In the first week of MSE's availability (September 29 to October 6), the program was downloaded 1.5 million times (after week two, 2.6 million times). In its first week, MSE made almost four million detections on a total of 535752 unique machines, so it seems like it is doing its job.
Over half of the detections were made on Windows XP machines, and just under a third were made on Vista machines. The remainder detections were probably on Windows 7 machines. Another interesting tidbit: the most popular Windows version among MSE downloaders is Windows 7, and one third of these Windows 7 installation is 64bit. The 64bit version of Windows (since XP) has additional security measures such as Kernel Patch Protection.
All this data comes from Microsoft's
SkyNet SpyNet, which collects information about malware to improve future detection measures. "Providing high quality detection capabilities requires that we collect information regarding malware when detected so that we can properly react to deliver the level of PC protection we are promising to customers," a Microsoft spokesperson explained, "Users can change the membership level at any time from basic to advance and back however to continue using Microsoft Security Essentials, they need to remain a member of this online community. More information about Microsoft Security Essentials collection and use of information can be found in our privacy statement."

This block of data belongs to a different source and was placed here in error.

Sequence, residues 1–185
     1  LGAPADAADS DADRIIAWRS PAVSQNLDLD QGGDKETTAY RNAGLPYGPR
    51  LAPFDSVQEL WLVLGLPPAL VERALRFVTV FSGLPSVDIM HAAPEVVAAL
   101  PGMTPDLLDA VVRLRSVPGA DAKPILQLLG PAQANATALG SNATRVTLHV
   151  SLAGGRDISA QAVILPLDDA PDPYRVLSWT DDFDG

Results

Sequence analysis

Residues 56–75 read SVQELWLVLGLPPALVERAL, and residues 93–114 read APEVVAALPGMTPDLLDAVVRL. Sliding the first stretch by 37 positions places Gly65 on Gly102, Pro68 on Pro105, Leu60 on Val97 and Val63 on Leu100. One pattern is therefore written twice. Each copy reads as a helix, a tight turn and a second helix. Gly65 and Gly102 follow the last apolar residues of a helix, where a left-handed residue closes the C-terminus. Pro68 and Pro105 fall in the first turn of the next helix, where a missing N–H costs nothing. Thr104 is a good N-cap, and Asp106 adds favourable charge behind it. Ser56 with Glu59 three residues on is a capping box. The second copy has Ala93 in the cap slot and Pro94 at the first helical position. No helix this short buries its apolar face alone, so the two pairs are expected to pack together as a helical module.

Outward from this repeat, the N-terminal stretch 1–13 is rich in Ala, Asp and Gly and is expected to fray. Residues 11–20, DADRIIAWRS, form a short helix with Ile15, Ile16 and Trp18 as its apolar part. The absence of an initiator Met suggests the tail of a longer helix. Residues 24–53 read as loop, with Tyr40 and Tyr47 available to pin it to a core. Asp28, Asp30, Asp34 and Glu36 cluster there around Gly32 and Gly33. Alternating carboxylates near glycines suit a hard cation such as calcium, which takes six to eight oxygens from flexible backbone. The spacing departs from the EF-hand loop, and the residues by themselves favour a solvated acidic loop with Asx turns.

It seems like the tool is doing its job. Due to antritrust worries, MSE can sadly not be included by default in Windows, despite the fact that it is by far the least obtrusive and invasive antivirus tool out there. The entire install package - not a downloader, but the entire package - is only 7MB, and takes up little to no system resources while doing its thing.
Everybody would be better off if MSE had been a default part of Windows 7. Oh well, I guess the financial prospects of companies like
McEpic and Failtec McAfee and Symantec are more important than users' security.